Theresa May caught between Brexit demands and pro-EU rebellions

Theresa May is facing multiple defeats when crucial Brexit legislation returns to the House of Commons this week, as she comes under pressure from both sides of the political divide on membership of the European Union.

Theresa May is facing multiple defeats when crucial Brexit legislation returns to the House of Commons this week, as she comes under pressure from both sides of the political divide on membership of the European Union.

Labour says it has enough support from Tory rebels to force ministers into a climbdown over the terms of the post-Brexit transition period, in order to the keep the UK in the European single market and customs union until 2021 and beyond.

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Shadow Brexit Secretary Sir Keir Starmer has written to Downing Street warning that he will force the issue to a vote when MPs begin debating amendments to the European Union (Withdrawal) Bill tomorrow.

Pro-European rebels have also told the Prime Minister that she must set out plans for a “meaningful” vote on the terms of the UK’s Brexit deal, which would allow MPs to reject a “no deal” scenario and potentially seek to keep the UK in the EU.

The warnings come as it emerged that dozens more Tory MPs have signed letters backing a vote of no-confidence, leaving Mrs May on the brink of a party coup. Just eight more rebels are needed to force a leadership contest, it is understood.

Meanwhile, it emerged that Mrs May is facing intense pressure from her own ministers to deliver a “hard Brexit”.

In a secret letter to the Prime Minister, former Leave campaign leaders Boris Johnson and Michael Gove are understood to have set out their demands that any transition period does not last longer than two years.

They also urged the Prime Minister to ensure members of her top team fall behind their Brexit plans by “clarifying their minds” and called for them to “internalise the logic”.

The leaked letter appeared to make a thinly-veiled attack on Chancellor Philip Hammond, who backed remain and wants a softer Brexit, for lacking the “sufficient energy” in preparing for the UK’s future outside the bloc.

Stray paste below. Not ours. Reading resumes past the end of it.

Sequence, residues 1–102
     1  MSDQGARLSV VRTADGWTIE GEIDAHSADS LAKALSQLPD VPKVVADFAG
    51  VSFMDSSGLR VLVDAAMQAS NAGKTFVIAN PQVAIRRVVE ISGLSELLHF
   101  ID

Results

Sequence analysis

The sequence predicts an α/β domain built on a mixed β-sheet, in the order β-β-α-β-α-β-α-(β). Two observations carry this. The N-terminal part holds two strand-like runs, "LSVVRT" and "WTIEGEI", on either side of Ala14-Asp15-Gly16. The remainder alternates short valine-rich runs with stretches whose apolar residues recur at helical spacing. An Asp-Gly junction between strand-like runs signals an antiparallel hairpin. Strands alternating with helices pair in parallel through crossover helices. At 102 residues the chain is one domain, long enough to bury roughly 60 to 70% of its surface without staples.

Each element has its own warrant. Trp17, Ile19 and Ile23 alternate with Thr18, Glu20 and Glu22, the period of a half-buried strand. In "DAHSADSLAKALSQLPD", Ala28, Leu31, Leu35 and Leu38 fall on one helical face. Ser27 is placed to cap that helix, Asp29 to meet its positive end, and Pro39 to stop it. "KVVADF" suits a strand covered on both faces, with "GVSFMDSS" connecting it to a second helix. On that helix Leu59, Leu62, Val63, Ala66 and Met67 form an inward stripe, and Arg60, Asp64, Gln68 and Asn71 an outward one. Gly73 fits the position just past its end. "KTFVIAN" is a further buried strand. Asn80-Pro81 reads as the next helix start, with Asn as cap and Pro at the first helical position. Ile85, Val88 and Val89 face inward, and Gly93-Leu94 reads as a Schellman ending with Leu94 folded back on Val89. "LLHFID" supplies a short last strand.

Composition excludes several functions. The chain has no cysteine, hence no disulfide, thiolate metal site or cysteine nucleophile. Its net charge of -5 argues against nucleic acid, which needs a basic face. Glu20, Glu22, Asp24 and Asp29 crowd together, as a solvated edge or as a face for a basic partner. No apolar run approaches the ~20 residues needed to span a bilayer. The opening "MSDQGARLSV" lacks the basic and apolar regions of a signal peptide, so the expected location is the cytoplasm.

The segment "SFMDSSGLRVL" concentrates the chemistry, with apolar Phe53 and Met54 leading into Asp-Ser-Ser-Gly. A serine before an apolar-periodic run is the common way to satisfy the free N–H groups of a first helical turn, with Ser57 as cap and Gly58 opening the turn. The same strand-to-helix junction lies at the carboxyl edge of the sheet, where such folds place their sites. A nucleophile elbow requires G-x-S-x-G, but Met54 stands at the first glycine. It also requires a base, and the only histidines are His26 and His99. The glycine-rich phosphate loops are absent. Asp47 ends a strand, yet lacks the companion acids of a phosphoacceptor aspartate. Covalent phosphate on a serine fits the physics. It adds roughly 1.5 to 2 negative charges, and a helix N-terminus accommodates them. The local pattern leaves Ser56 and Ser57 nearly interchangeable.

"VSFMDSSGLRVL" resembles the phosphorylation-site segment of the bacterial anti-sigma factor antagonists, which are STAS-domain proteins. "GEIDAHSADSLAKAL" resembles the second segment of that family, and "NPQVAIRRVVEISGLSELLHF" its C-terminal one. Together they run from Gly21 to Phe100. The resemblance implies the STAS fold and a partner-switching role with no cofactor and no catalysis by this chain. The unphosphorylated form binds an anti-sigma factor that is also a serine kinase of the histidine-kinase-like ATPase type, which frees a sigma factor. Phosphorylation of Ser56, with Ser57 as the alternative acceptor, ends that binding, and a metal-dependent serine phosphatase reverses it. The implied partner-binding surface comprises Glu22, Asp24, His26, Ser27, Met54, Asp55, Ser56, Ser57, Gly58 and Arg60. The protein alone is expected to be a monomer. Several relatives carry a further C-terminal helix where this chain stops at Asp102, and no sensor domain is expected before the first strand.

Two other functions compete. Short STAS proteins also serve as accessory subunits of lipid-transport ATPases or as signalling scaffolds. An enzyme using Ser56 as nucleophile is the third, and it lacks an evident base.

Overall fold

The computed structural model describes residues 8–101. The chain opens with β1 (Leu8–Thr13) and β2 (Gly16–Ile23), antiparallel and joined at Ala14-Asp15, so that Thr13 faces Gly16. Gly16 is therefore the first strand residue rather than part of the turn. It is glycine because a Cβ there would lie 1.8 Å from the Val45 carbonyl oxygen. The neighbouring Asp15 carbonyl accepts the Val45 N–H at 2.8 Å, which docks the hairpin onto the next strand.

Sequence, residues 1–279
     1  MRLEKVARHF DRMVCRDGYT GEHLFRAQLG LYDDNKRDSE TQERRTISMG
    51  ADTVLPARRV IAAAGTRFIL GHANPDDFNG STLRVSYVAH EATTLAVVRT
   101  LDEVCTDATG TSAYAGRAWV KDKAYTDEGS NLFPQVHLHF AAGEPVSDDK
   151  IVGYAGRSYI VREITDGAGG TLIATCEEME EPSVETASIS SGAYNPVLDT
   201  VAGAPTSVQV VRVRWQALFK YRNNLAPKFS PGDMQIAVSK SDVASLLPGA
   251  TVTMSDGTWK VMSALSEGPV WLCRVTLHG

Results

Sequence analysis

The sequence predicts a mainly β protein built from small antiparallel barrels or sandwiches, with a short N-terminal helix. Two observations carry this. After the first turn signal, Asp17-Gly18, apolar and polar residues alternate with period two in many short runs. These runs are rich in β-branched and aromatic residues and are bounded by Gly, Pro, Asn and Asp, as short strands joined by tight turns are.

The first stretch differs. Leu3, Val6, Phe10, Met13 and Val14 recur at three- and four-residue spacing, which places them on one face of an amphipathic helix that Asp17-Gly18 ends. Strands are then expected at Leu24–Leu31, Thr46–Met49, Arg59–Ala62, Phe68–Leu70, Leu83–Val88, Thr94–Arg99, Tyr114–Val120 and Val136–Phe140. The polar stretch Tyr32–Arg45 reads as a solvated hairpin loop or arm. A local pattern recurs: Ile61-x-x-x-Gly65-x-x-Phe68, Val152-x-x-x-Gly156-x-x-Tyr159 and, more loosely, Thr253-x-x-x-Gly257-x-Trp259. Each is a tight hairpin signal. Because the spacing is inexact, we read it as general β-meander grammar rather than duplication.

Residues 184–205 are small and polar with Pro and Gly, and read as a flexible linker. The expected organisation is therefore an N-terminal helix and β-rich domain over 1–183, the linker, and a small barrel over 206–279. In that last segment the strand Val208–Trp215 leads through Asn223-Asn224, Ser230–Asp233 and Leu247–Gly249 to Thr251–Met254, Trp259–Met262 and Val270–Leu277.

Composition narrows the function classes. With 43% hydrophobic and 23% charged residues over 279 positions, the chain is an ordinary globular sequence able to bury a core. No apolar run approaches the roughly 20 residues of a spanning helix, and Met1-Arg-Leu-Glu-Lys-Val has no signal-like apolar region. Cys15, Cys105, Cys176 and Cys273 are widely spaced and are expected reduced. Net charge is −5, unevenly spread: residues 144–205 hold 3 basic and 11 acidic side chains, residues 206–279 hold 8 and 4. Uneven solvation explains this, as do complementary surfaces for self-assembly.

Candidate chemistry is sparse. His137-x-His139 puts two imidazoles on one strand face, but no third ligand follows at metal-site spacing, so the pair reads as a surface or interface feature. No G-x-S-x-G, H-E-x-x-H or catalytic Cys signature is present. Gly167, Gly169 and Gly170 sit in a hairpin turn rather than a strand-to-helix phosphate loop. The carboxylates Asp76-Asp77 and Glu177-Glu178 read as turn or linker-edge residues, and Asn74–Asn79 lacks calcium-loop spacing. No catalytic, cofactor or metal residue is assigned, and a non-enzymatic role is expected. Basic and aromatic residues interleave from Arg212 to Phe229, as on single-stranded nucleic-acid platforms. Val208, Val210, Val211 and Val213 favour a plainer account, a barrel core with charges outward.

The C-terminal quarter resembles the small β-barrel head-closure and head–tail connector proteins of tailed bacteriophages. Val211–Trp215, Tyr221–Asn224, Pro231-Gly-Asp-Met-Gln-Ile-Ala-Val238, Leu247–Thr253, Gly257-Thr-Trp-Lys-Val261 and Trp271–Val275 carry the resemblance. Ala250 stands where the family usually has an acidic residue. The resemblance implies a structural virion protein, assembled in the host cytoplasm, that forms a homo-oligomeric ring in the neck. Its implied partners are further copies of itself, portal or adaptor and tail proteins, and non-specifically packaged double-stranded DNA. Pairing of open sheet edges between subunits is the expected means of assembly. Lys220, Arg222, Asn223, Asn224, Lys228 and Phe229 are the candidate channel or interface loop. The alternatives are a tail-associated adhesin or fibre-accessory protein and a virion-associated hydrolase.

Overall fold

Marked “for your and Gavin’s [Number 10 chief of staff Gavin Barwell] eyes only”, the letter states: “We are profoundly worried that in some parts of government the current preparations are not proceeding with anything like sufficient energy. We have heard it argued by some that we cannot start preparations on the basis of ‘No Deal’ because that would undermine our obligation of ‘sincere co-operation’ with the EU. If taken seriously, that would leave us over a barrel in 2021.”

A spokesman said Downing Street did not comment on leaks and neither Mr Johnson nor Mr Gove commented.

It has also emerged that the EU is preparing for the possible collapse of the Brexit negotiations. Michel Barnier, the bloc’s chief negotiator, said failure to reach an agreement was not his preferred option but stressed that it was a “possibility”.

“Everyone needs to plan for it, member states and businesses alike,” he said. “We too are preparing for it technically. A failure of the negotiations would have consequences on multiple domains.”

Labour leader Jeremy Corbyn called for Mrs May to “govern or go”.

“The Prime Minister must end the confusion, take on the ‘no-deal’ extremists in her government and back a jobs first Brexit for Britain,” he said.

The SNP’s Europe spokesman Stephen Gethins, MP, claimed the letter showed Mrs May was Prime Minister in name only.

“If it wasn’t clear before, it is now – Theresa May has lost all authority and credibility in government,” Mr Gethins said. “The revelation that leading Brexiteers Boris Johnson and Michael Gove are now brazenly able to dictate their hard Brexit demands over a month ago goes to show that they think they can say and do as they please, knowing fine well Theresa May is powerless to act. Theresa May is Prime Minister only by title.”

The next month will see pressure on the government over Brexit reach a peak as votes are taken on amendments to the Withdrawal Bill while talks in Brussels build towards a December deadline.

Mr Barnier has said a breakthrough must be reached within two weeks for trade and transition talks to be given the green light by European leaders at their next summit.

Employers warn that without clarity on a transition phase to ease the UK out of the European Union single market by Christmas they will accelerate plans to shift operations overseas.

MPs will debate a Labour amendment calling for a post-Brexit transition period under existing EU membership terms tomorrow. Under Labour’s plans, the UK would stay in the single market and customs union for as long as four years, and contrary to the wishes of many pro-Brexit Conservatives, would remain under the jurisdiction of the European Court of Justice for the duration of that transitional period.

In a letter to the Prime Minister today, Mr Starmer claims that Mrs May is too weak to protect UK businesses from a “cliff edge” Brexit.

“Over recent weeks it has become increasingly clear that you alone do not have the authority to deliver a transitional deal with Europe and to take the necessary steps to protect jobs and the economy,” he says.

“Labour will always put the national interest first during the Brexit process. That is why we have tabled amendments to the [Withdrawal] Bill that would put jobs and the economy first by allowing Britain to remain in the Single Market and a Customs Union during a transitional phase.

“I believe there is a sensible majority in the House of Commons for transitional arrangements that serve the national interest.”